The idea of reusing graywater — water that comes from restroom faucets, clothes washing or showers — has been gaining momentum for years. Graywater reuse is primarily a new construction strategy, because retrofitting the plumbing for graywater collection and reuse in an existing building is generally cost-prohibitive, says Dickinson. Certainly, a graywater system could be retrofitted into an existing structure, but only in cases where money is no object and the organization wants to be green for strictly environmental reasons.
“New construction is always the best way to go,” says Val Little, director of the Water Conservation Alliance of Southern Arizona. “There are ways to retrofit, but it’s a case-by-case basis. It would have to be analyzed, and the company has to really want to be water efficient.”
However, before including a graywater reuse system in a new building’s design, it’s important to estimate approximately how much graywater will be produced to determine whether a system will be worth it at all. According to Doug Bennett, conservation manager of the Southern Nevada Water Authority, in a typical office building — in which people use the restroom about three times per day — one gallon of graywater is produced per person. In the grand scheme of things, that’s not a whole lot.
“Don’t build a graywater system to capture 3 percent of your water needs,” says Bennett. “You may have much less supply than demand.”
“In an office building, there isn’t much graywater produced,” says John Koeller, a professional engineer, principal of Koeller and Company, a technical advisor to the Alliance for Water Efficiency, and vice chair of the LEED water efficiency technical advisory group. “So you have to ask whether it’s cost-effective to put in a secondary water distribution system.”
In facilities like college dorms or multiuse retail and condominium facilities, much more graywater is produced, which may make the strategy more attractive. Experts suggest that facility executives spend a fair amount of time on the front end to determine how the treated graywater can be reused most effectively. The most likely uses for graywater are flushing toilets, irrigation, and as cooling tower make-up water, after chemical treatment.
It’s important to distinguish between graywater and reclaimed water. Reclaimed water is treated to high standards at municipal treatment facilities and delivered by the so-called “purple pipe” to commercial buildings. It is used for some of the same facility functions for which graywater may be used — it’s just treated offsite.
However, facility executives shouldn’t combine graywater and reclaimed water — or potable water for that matter.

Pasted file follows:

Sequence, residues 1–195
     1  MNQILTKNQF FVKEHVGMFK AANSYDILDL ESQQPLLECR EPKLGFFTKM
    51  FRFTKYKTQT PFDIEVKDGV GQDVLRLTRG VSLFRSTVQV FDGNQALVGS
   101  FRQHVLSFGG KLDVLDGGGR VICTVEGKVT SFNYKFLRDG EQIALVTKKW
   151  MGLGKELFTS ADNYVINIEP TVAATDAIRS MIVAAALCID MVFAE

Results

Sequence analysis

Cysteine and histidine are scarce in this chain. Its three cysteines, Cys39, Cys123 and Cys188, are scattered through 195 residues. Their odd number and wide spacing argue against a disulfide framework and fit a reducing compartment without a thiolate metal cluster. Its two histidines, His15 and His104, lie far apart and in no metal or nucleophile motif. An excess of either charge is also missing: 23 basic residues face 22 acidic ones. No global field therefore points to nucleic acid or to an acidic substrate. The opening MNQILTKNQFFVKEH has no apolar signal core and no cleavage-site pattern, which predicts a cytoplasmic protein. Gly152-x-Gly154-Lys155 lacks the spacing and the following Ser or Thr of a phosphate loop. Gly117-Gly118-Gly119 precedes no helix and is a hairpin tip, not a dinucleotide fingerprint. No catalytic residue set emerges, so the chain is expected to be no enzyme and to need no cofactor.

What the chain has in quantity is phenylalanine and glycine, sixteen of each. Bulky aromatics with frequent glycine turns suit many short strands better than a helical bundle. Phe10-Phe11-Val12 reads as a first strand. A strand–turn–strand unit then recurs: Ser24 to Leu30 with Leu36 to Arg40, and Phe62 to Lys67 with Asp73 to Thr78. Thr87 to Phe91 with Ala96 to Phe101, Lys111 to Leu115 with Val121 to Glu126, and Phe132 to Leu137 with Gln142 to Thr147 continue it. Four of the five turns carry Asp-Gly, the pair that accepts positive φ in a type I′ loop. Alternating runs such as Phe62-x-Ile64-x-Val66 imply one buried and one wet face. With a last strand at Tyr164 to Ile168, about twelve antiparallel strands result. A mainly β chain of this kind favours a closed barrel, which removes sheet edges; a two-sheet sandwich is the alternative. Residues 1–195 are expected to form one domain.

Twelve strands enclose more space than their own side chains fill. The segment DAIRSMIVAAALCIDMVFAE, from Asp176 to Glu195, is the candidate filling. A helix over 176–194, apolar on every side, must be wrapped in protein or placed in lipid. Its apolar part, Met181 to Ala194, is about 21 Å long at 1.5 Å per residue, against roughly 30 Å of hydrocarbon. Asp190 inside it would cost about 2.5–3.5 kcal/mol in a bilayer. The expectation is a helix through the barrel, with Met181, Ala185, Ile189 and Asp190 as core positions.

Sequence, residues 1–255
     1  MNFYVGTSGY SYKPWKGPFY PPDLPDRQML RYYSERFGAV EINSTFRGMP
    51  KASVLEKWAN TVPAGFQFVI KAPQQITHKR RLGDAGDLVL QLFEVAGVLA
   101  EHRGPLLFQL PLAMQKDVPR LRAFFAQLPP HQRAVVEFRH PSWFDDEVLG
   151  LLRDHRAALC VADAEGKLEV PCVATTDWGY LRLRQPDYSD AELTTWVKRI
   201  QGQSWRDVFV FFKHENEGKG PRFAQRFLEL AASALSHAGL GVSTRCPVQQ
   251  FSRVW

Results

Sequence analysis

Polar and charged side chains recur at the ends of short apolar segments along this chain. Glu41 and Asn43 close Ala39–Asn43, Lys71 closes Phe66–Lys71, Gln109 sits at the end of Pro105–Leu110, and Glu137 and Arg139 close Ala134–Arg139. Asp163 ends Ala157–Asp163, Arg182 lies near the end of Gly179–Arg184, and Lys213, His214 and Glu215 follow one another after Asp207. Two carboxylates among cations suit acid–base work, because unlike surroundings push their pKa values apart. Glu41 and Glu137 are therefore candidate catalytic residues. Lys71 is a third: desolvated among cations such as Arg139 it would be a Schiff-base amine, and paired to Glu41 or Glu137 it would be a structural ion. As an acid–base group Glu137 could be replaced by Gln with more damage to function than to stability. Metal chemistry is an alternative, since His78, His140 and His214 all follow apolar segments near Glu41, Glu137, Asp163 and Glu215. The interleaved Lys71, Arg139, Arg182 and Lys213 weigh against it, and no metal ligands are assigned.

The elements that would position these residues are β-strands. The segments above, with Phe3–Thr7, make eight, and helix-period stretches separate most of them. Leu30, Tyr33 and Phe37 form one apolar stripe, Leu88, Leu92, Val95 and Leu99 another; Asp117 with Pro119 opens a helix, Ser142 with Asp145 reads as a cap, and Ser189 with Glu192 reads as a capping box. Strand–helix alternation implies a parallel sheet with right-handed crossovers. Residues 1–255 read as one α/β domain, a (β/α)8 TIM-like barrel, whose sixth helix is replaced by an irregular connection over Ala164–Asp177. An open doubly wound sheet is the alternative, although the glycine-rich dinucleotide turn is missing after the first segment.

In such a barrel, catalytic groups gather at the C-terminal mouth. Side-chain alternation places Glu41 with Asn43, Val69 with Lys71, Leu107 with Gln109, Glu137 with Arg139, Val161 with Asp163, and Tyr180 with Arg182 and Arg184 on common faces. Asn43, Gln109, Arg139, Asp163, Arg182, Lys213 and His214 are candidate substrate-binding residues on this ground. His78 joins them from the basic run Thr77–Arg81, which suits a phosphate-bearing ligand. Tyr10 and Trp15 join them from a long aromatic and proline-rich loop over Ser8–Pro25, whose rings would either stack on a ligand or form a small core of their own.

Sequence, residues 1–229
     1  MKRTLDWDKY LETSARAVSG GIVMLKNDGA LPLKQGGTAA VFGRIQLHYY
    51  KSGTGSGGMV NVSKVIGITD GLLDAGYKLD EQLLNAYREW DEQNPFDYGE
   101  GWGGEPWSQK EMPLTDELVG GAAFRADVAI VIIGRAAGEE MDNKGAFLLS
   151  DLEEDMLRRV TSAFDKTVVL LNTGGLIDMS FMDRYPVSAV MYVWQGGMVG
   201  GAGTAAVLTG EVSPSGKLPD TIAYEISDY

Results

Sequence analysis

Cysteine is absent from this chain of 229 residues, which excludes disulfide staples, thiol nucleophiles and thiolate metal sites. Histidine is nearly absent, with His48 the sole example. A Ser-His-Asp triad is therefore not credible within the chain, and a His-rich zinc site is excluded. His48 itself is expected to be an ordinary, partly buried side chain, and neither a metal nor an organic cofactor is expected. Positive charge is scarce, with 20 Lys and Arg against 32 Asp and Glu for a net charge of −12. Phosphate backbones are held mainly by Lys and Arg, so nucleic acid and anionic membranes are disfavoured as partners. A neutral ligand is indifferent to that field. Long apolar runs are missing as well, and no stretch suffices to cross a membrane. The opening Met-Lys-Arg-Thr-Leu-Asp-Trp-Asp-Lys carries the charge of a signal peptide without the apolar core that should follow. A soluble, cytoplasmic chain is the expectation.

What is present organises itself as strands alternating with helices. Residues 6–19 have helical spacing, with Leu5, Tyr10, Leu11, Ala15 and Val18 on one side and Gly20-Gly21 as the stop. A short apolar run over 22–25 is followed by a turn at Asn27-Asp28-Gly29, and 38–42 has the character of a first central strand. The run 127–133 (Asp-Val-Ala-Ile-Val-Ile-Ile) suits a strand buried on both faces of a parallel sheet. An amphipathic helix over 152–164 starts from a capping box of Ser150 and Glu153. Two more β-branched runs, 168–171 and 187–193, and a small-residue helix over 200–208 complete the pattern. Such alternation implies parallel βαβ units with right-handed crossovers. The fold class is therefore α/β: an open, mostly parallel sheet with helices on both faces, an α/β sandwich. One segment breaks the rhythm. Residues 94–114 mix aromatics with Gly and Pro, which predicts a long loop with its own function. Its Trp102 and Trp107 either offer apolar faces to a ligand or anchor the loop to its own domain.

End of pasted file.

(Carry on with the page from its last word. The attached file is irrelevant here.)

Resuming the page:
“If you combine water with different treatment levels and quality, you have to yield to the lowest common denominator,” says Koeller.
Many health and safety codes and state regulations require that if graywater is used for irrigation, it be sub-surface, or drip irrigation. Unfortunately, drip irrigation systems are more expensive than standard spray irrigation systems. But experts say these regulations are changing and it may be easier to implement graywater projects now than it was even five years ago.
“We’re trying to remove the policy barriers and getting graywater into widespread use,” says Dickinson. “We’re trying to get Congressional recognition that graywater should be a national priority.”
Another consideration if graywater is used for fixture flushing or, after chemical treatment, in cooling towers, is the manufacturer warranty on those products. The warranty may require a specific level of purity for its fixture and Koeller says that many manufacturers are expressing concern about using treated non-potable water in the products.
“It’s important to know the equipment,” says Bennett. “Some valves may not be suitable for lower quality water, and you don’t want to void your manufacturer warranty.”
That same consideration regarding the manufacturer’s warranty could apply to harvested rainwater as well. Currently, using harvested rainwater for interior building functions is much more popular abroad — in Australia, especially — than in the United States. But many facility executives have begun to explore how to use harvested rainwater for toilet flushing and other interior functions for which non-potable water may be an option.
“Water harvesting should be a no-brainer,” says Little. “It’s a strategy that has a pretty good upfront cost because the water is free.”
The water may be free, but moving it may not be. Getting rainwater from where it’s stored into the building (or up several floors, if the cistern is in the basement) could actually raise facility costs if more money is spent on energy for the pumps than is saved from the municipal water bill.
If harvested rainwater is to be used to supplement irrigation — as is most commonly the case — water can be collected in a cistern or bioretention pond and distributed to the landscaped area. Alternatively, “passive” irrigation may be more efficient, say experts. This simply means sloping parking lots and other surfaces so that water flows naturally into landscaped areas.
“Facility executives should definitely capitalize on rainwater, but make sure it’s passive,” says Bennett. “Let gravity do the work for you. If you’re collecting by gravity, but then you have to pump the water somewhere, you may be defeating the purpose.”
In many communities there is pressure to reduce stormwater collected in sewers, but other communities have plans in place to collect rainwater at the municipal level. If this is the case, facility executives may not want to capture rainwater onsite.
“There may be a reservoir the community is trying to keep filled,” says Little. “Ask colleagues in your area and find out what the rules are in your region. More alliances are being formed, especially as water shortages increase.”
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